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and its relationship to tragedy had to be defended as a result of a loss of prominence in the festival.76 Dionysos, however, is notably absent from Poetics, so another explanation for why Aristotle and his followers sought the origins of tragedy in the σατυρικόν is needed. Aristotle himself attests to the influence of cultural politics on theories of dramatic origins and the use of etymological arguments. In the passage from Poetics 3 quoted above, he attributes the alternative etymologies of κωμῳδία to rival Dorian and Attic camps, and claims that ‘several Peloponnesians’ even had eyes on tragedy. Aristotle’s testimony fits well with his historical context. Recent work has underscored the cultural and political importance assigned to drama in the Eubulan and Lycurgan periods. It is easy to imagine that debates over the local origins of drama played into the cultural politics of a period when Athens was keen to stake out its cultural heritage in response to the internationalisation of drama and the rise of Macedon.77 The role of regional bias in theories of dramatic origins has not gone unnoticed. The reports of alternative theories, citing either the goat-prize or the various versions of the τρυγῳδία etymology, all affirm Athenian ownership of tragedy and comedy by locating their invention in rural Attica, or by claiming their inventors, Thespis and Sousarion, as citizens of the Attic deme Ikarion.78 The picture offered by Aristotle in Poetics 4, by contrast, appears to endorse a pro-Dorian view by positing the origins of tragedy in dithyramb.79 It is impossible to pin down Aristotle’s precise position in the debate. Hanink has recently argued that Aristotle, in contrast to the strongly patriotic vision endorsed by Lycurgus, took a universalising approach to tragedy that responded to the international success of Athenian drama.80 Alternatively, as a Stagiran with ties to the Macedonian court, it is unlikely that Aristotle shared Lycurgan patriotism. Regardless, Aristotle’s reference to the σατυρικόν also points to Dorian origins.81 σάτυρος is probably the Dorian term, in contrast to the Attic-Ionic σιληνός, 76 Zenobius himself wrote under Hadrian. Interestingly, the latest epigraphical evidence for the performance of satyr drama is from c. AD 160, about a generation later, and shows that it had been detached from the other dramatic events and moved towards the end of the festival (IG vii 1773). 77 Eubulan period: Csapo and Wilson 2014, esp. n. 410 on Phanodemus. Lycurgan period: Hanink 2014c. 78 Scullion 2005, 30–3. For comedy, see Rusten 2006. 79 Most recently, see Scullion 2005, 30. On the place of Athens in Poetics, see Hall 1996; Heath 2009; Hanink 2011. 80 Hanink 2011 and 2014c, 191–220. 81 As perceived already by Wilamowitz 1907, 83–4.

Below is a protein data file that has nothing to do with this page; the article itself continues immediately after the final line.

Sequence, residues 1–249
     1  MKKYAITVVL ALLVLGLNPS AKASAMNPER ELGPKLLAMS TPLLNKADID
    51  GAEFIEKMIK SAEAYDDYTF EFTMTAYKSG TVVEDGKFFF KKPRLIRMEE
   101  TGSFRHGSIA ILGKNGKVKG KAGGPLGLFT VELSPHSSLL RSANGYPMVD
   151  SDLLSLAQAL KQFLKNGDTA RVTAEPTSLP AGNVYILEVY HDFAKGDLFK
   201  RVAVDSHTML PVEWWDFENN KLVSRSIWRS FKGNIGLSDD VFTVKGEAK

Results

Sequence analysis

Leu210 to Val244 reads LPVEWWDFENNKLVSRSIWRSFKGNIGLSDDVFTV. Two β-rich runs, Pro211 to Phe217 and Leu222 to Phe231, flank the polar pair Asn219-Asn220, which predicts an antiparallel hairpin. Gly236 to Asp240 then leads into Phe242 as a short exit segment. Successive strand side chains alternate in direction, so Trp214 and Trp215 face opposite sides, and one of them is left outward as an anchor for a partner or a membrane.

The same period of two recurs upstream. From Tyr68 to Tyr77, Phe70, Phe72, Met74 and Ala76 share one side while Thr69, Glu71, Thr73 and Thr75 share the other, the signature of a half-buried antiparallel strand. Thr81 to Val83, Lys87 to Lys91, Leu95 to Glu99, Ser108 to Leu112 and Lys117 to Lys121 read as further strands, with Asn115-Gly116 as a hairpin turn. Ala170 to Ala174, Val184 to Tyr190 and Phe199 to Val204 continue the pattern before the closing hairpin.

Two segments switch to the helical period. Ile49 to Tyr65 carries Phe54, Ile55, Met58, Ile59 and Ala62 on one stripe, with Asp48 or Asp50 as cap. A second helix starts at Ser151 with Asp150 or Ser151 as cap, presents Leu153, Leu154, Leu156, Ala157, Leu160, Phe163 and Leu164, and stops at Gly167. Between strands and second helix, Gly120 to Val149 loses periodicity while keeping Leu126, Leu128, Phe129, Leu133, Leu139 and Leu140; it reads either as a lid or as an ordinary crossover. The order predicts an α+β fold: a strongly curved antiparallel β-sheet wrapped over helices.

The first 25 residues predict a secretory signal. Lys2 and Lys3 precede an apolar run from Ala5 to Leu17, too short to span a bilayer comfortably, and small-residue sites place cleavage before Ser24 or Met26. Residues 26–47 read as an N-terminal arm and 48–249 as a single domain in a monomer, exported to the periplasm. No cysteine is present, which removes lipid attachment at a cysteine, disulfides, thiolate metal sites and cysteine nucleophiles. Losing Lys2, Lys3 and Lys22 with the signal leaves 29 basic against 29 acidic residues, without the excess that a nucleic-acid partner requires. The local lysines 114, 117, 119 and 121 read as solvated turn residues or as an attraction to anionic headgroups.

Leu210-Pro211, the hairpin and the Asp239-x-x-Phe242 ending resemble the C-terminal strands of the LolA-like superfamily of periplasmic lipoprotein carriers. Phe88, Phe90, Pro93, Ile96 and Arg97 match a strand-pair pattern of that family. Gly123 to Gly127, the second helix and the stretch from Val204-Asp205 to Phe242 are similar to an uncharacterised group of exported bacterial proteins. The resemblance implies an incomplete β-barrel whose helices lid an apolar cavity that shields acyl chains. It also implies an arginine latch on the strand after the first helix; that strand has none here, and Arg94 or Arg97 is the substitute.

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but it does not seem that the linguistic detail was ever exploited in ancient sources.82 More significantly, several ancient reports connect satyrs and satyr drama to the Peloponnese.83 Pratinas himself hailed from Phleious. In the fragment of the hyporchema attributed to him, the chorus of satyrs identify loudly as Dorian: ‘Listen to my Dorian choreia’ (fr. 3.17).84 Dioscorides would later celebrate Sositheus’ restoration of virile rhythm to satyr drama ‘with a Dorian muse’ (AP 7.707.7). The argumentative value of satyrs and satyr drama in substantiating Dorian claims is further suggested by Lesky’s observation that they are absent from pro-Attic accounts.85 Modern theories of ‘goat-song’ have tended to denigrate the value of the reports of pro-Athenian accounts as Hellenistic fabrications reacting to the supposedly accurate picture we find sketched in Poetics.86 But if we agree with Burkert and others, the testimony of the Marmor Parium and Eratosthenes ultimately rests on sources from the fourth century, perhaps predating Aristotle.87 It is suggestive to note, for example, that Phanodemus, one of the Atthidographers to whom Burkert points as a potential source of pro-Athenian histories, was actively involved in the cultural programmes of both Eubulus and Lycurgus.88 In this light, the relationship between Attic and Dorian accounts might go the other way, with Dorian histories instead reacting to Athenian claims. By appealing to the generic similarities between dithyramb and tragedy, on the one hand, and the historical relationship between tragedy and satyr drama, on the other, the developmental account of drama outlined in Poetics and drawn upon by later Peripatetics effectively asserts the role of non-Athenian poetic forms in the evolution of tragedy. ‘Goat-song’, in turn, whether implied already by Aristotle or fully articulated only later, would further strengthen such an account. The evidence of caprine satyrs would, on this view, not only account for the development of tragedy, but it would also explain the origin of its name. To conclude, I hope to have demonstrated that the figure of the satyr was never static, and that later developments in the conception of the satyr were directly relevant to contemporary accounts of dramatic history. Given the state of 82 On the etymology: Brommer 1940; Seaford 1984, 6; Hedreen 1992, 162–3; O’Sullivan and Collard 2013, 7. 83 Pohlenz 1965, 481; Lesky 1972, 33–4; O’Sullivan and Collard 2013, 247, n. 9. 84 Pratinas fr. 3.17. The question of authenticity has excited considerable comment. See O’Sullivan and Collard 2013, 242–7 for an up-to-date survey. Regardless of attribution and genre, the chorus is almost certainly made of satyrs, so the point would stand. 85 Lesky 1972, 28, building on Pohlenz 1965. 86 Eg. Wilamowitz 1907, 62–3; Pohlenz 1965, 474, and generally; Lesky 1972, 26–9. 87 See n. 59 and 60. 88 On Phanodemus, see also n. 77.